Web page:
Professor Deirdre Wilson (UCL & CSMN, Oslo) will present at SWIP-Analytic Monday, October 13th from 5:00 – 7:00 at New York University, in the second floor seminar room 202, 5 Washington Place. Her talk is entitled “Irony, hyperbole, jokes and banter: What should a theory of verbal irony aim to explain?”
In the last ten or fifteen years, following the collapse of the classical and Gricean treatments of verbal irony as a matter of saying one thing and meaning the opposite, a range of disparate phenomena including hyperbole, banter, understatement, jokes and rhetorical questions have been commonly treated as forms of verbal irony in the literature on irony comprehension. Ray Gibbs (2000/2007: 342), whose pioneering experimental studies of rhetoric and poetics have been deservedly influential, sees this as “an important challenge for cognitive science theories of irony. Is it necessarily the case that a single theory will account for the multiple forms and functions of irony in ordinary speech?” In his view,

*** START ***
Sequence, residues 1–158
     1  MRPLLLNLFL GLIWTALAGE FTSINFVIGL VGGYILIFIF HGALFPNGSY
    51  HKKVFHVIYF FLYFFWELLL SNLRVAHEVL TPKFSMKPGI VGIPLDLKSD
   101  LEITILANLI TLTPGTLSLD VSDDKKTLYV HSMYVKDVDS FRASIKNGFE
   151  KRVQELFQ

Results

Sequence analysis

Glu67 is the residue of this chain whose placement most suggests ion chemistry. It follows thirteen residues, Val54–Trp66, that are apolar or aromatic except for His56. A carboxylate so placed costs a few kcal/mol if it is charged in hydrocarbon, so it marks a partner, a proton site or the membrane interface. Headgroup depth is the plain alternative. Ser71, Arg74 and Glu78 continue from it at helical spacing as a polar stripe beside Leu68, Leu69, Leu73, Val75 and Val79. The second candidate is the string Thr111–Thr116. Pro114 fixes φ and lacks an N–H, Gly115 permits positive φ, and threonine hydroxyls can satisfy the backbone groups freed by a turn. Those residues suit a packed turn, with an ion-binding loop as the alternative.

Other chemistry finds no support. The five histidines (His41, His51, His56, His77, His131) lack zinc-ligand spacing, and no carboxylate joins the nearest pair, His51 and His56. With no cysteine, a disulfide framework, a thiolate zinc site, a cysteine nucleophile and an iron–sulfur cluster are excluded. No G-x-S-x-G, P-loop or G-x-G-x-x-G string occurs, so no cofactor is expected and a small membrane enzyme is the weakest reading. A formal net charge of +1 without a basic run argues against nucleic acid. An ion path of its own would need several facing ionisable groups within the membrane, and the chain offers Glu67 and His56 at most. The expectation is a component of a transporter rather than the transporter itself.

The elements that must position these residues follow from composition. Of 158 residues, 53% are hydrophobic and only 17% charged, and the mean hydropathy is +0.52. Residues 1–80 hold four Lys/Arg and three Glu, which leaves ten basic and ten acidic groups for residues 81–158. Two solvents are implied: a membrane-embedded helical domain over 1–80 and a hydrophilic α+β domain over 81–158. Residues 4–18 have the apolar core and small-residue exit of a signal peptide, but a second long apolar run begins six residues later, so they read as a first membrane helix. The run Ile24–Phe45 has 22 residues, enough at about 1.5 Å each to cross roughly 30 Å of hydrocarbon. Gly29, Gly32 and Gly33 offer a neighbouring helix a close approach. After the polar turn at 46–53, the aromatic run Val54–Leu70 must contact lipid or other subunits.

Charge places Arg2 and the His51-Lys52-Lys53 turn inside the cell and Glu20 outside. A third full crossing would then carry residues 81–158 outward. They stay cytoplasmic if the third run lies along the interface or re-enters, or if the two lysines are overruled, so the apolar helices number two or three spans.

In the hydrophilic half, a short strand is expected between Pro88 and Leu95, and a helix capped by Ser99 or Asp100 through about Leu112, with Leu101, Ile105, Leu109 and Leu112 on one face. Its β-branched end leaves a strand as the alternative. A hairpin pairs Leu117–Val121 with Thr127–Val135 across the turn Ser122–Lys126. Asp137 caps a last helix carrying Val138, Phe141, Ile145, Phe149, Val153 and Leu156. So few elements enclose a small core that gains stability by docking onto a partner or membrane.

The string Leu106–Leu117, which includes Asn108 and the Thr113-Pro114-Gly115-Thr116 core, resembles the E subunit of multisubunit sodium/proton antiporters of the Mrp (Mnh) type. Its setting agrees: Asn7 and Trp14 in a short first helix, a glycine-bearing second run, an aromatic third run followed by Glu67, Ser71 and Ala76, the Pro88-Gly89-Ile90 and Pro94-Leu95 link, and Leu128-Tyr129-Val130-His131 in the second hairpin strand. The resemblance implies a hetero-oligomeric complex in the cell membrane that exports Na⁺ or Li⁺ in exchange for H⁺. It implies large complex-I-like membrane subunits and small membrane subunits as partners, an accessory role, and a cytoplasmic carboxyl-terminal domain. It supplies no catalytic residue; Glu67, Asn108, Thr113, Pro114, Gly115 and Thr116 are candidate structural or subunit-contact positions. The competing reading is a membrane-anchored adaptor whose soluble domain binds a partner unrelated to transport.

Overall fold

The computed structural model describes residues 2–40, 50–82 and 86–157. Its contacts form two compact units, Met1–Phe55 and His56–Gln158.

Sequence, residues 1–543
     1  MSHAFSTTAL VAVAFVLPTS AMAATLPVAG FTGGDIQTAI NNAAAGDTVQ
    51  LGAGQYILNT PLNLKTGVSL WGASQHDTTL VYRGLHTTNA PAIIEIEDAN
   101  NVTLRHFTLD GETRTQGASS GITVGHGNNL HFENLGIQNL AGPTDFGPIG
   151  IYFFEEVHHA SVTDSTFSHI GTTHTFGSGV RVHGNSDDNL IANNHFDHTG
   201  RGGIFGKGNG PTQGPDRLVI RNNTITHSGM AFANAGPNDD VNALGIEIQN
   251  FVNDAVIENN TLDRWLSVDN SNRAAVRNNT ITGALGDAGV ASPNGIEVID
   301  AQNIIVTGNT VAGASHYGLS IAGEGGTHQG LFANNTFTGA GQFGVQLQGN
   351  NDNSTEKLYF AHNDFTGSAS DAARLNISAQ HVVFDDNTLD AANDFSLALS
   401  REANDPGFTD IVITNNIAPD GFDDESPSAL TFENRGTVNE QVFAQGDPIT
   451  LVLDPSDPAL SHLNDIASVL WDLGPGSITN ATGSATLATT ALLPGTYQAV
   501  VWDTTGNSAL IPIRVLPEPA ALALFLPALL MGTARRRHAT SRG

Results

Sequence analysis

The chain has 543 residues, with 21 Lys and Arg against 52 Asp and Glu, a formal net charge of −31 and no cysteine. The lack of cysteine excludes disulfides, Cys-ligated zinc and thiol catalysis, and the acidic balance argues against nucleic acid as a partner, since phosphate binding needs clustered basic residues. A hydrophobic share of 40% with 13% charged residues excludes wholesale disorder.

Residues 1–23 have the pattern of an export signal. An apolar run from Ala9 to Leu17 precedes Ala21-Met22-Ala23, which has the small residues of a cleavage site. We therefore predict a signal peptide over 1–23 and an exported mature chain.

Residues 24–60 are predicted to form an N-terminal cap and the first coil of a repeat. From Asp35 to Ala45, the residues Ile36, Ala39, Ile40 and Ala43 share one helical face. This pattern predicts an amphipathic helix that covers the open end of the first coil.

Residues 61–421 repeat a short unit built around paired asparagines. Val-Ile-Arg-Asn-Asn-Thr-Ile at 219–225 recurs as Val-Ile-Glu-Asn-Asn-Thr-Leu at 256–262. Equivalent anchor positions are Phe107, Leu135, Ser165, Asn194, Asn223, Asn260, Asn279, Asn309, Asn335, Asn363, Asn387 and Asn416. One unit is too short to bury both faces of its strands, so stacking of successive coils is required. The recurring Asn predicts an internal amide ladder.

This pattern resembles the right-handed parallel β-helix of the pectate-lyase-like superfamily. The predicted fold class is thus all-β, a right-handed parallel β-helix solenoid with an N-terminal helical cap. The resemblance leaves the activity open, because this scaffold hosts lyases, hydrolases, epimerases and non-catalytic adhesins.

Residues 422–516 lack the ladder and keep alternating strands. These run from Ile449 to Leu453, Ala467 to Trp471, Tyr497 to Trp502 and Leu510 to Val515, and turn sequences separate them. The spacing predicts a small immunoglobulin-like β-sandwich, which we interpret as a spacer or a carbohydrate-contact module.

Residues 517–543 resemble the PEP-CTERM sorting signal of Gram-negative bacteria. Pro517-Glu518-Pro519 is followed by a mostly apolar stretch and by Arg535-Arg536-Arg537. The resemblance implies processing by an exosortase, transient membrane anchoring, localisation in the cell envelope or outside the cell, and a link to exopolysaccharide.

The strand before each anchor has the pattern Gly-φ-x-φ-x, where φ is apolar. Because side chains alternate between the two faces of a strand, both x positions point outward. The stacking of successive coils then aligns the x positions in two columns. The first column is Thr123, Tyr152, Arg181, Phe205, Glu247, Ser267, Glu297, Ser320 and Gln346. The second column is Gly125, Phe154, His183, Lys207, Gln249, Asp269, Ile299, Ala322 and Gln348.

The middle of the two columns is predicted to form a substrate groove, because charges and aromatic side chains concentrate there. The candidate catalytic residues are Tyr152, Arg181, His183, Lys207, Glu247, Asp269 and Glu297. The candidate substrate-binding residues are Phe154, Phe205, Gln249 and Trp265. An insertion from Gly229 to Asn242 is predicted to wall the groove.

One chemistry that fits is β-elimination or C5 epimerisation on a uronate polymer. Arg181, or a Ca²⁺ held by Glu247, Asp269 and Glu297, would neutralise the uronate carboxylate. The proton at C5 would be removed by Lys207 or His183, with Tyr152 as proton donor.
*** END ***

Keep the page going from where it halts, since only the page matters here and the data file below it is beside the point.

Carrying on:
Irony is not a single category of figurative language, but includes a variety of types, each of which is motivated by slightly different cognitive, linguistic, and social factors, and conveys somewhat different pragmatic meanings.
After illustrating how this broadened notion of irony is being used in current experimental studies and outlining some distinctive features of typical cases of verbal irony, I will argue that hyperbole, banter, understatement, jokes and rhetorical questions are not inherently ironical, and routinely including them in the data for experimental studies of irony comprehension distorts the results and obscures our understanding of irony.